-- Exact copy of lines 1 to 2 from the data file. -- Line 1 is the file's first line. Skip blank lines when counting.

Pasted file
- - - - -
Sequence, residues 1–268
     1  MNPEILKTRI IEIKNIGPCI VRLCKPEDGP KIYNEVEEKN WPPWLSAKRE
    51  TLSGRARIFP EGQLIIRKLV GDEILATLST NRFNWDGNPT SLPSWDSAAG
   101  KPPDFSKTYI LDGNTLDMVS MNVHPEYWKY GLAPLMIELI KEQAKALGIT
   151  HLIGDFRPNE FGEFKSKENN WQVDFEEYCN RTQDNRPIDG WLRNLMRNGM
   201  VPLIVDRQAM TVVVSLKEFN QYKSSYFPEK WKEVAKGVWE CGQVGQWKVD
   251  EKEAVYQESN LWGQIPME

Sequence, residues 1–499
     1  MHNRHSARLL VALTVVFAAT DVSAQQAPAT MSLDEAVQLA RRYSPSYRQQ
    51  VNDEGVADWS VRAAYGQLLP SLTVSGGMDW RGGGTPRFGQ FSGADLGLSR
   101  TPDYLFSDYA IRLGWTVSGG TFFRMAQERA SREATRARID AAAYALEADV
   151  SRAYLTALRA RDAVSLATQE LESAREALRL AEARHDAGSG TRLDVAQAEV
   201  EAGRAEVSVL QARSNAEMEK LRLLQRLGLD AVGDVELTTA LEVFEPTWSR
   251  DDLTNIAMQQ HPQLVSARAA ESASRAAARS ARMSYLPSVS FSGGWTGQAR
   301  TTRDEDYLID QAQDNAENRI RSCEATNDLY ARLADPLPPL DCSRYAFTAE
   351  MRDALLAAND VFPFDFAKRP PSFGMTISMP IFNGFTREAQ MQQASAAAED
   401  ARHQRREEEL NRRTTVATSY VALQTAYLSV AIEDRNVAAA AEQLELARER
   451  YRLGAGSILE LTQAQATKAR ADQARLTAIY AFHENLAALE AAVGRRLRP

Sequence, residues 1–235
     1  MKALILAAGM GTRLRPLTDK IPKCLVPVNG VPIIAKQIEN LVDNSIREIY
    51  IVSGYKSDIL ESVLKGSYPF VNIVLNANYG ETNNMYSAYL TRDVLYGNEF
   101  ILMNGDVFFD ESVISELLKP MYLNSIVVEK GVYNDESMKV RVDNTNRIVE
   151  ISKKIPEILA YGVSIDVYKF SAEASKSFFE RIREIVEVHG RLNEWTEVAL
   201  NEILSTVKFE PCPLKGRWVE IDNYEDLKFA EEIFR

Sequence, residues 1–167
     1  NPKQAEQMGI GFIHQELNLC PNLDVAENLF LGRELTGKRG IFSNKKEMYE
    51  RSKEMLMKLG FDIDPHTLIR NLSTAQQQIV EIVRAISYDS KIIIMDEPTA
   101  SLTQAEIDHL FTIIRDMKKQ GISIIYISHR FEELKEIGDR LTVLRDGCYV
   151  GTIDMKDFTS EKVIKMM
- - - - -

Sequence, residues 1–268
     1  MNPEILKTRI IEIKNIGPCI VRLCKPEDGP KIYNEVEEKN WPPWLSAKRE